Identify the early warning signs of an HAE swell

HAE swells can occur anywhere on the body and vary in length and severity. Signs vary from person to person but may include those shown here. For best results, treat at the first sign or symptom of a swell.

What events can trigger an
HAE swell?

Even though swells may occur without a clear trigger, it's important to recognize some common triggers that can lead to an attack, such as:

  • Anxiety
  • Stress
  • Minor injuries
  • Dental procedures
  • Medications
  • Infections
  • Hormonal changes, such as those occurring during pregnancy or menstruation

“I've learned what to look for, so that I can anticipate when an attack is about to happen.”

— Corey, living with HAE

Work with your healthcare provider to manage your swells

It's important to treat your HAE at the earliest signs of a swell. Talk to your doctor about your swells and what you can do to manage them.

Bring this guide to your next healthcare appointment.

“Having a list of questions to ask my doctor helps me feel more empowered to understand and take control of my HAE.”

— Corey, living with HAE

Symptom relief with just 1 dose

“If I do get an attack, I can rely on RUCONEST to treat my swells.”

— Gloria, living with HAE

Relief that lasts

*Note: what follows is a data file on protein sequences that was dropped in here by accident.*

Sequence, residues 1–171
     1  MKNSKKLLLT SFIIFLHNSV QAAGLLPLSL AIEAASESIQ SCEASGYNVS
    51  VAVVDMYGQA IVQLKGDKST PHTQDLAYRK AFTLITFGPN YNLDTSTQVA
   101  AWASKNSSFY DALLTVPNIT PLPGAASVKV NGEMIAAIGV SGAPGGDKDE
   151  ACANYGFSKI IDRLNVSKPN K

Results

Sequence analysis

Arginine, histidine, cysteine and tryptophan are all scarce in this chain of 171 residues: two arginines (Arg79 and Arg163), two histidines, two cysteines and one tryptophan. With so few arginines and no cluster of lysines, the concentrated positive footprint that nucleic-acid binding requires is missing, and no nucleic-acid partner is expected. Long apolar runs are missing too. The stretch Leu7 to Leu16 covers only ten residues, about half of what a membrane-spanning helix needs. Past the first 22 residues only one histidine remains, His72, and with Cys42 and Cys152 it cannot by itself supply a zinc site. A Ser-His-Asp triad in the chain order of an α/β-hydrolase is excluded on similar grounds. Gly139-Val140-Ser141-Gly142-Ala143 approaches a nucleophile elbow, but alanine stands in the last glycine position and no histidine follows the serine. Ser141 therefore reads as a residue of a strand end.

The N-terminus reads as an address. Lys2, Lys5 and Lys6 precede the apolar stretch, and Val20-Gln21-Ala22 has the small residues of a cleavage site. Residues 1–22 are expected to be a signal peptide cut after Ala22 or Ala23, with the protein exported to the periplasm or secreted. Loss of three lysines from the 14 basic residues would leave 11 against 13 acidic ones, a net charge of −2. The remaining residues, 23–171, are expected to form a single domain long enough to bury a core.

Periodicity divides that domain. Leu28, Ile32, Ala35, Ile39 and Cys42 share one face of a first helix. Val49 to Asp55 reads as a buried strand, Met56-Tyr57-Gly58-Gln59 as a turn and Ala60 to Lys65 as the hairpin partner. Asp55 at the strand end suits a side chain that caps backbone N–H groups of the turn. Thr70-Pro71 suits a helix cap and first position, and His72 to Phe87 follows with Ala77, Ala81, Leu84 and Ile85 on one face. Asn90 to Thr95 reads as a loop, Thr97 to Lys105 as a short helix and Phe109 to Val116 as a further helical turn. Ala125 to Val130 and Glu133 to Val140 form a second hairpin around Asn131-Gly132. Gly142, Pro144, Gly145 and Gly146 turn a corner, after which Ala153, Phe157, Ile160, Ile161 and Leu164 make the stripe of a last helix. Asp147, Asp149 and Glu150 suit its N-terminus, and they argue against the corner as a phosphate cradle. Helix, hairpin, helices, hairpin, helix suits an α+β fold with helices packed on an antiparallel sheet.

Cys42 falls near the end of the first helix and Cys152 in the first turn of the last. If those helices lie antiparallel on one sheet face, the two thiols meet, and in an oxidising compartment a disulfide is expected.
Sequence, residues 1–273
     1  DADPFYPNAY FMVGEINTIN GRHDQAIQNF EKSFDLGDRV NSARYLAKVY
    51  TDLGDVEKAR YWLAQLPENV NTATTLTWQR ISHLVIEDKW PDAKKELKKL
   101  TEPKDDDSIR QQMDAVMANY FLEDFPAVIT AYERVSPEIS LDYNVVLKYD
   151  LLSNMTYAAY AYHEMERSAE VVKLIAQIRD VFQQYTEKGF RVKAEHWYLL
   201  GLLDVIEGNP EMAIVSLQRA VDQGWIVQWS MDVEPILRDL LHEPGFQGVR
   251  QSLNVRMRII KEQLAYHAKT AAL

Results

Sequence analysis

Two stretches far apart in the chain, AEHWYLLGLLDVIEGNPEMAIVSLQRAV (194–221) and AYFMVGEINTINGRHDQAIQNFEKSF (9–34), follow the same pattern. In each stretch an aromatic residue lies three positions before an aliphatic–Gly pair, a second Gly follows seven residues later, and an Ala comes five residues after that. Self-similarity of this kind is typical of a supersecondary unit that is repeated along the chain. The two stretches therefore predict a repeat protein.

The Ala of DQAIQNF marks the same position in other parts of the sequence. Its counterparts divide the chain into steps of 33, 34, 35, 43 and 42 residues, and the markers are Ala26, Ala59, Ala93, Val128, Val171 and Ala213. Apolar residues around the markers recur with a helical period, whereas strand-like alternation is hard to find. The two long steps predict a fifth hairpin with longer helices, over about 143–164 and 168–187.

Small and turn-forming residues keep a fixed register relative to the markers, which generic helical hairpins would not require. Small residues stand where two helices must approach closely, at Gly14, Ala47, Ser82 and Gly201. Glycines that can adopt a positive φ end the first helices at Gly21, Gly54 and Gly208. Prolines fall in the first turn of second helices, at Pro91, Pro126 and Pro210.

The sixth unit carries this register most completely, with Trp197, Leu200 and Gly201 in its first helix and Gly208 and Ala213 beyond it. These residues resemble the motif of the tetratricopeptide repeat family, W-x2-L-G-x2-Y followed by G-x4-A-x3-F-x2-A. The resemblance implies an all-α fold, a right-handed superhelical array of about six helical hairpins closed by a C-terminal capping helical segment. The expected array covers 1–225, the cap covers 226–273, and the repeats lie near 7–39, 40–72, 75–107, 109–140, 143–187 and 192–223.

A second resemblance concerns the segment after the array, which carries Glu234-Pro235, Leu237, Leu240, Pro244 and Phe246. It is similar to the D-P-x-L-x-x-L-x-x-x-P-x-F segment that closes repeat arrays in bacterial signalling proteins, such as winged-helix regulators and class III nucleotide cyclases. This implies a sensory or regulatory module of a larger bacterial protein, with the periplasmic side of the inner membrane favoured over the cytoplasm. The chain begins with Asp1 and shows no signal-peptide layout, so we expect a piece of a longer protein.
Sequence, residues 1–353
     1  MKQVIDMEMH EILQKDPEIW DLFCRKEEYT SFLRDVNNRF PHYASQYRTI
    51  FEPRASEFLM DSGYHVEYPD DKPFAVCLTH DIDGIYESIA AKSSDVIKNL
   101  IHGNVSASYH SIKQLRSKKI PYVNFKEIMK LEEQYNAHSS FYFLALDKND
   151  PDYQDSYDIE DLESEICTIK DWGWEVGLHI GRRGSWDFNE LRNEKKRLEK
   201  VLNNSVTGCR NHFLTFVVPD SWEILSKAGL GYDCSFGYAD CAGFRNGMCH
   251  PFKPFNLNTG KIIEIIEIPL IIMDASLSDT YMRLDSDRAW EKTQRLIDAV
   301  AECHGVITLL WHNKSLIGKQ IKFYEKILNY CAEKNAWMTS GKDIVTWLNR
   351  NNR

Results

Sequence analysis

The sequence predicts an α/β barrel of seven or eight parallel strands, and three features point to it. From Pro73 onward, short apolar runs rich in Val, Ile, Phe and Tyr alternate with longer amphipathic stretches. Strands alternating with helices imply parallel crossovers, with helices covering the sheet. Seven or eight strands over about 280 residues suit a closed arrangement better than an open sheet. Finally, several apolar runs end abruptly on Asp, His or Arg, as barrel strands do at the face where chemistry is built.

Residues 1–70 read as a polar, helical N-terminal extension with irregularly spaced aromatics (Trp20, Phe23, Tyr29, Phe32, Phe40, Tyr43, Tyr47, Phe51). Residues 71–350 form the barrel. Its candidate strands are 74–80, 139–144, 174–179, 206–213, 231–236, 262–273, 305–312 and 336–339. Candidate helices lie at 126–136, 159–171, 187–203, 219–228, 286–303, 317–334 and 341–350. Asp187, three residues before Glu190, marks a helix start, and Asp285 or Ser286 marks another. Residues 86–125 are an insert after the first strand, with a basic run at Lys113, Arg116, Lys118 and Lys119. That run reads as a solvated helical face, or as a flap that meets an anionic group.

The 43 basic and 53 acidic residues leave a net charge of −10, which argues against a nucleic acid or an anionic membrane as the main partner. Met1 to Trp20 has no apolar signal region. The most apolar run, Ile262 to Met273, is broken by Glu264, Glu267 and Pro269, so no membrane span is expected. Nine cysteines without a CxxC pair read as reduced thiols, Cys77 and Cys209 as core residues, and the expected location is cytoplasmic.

• As shown in a review of studies that included 68 patients (280 attacks)

Do not use RUCONEST if you have experienced life-threatening immediate hypersensitivty reactions, including anaphylaxis, to RUCONEST or to any other C1-esterase inhibitor (C1-INH) product. Call your healthcare professional or the emergency department right away if you experience: wheezing, difficulty breathing, chest tightness, turning blue (look at lips and gums), fast heartbeat, swelling, faintness, rash or hives.

The most common side effects patients experienced during clinical studies include headache, nausea and diarrhea.
These are not all the possible side effects of RUCONEST.

Keep your HAE swells grounded with RUCONEST

97% of attacks needed JUST ONE DOSE

Symptom relief lasted for at least 3 days in 93% of attacks

RUCONEST can be self-administered

RUCONEST is PLASMA-FREE—so there is no risk of passing on human viruses

Most common side effects included headache, nausea and diarrhea

As shown in clinical trials.

As shown in a review of studies that included 68 patients (280 attacks).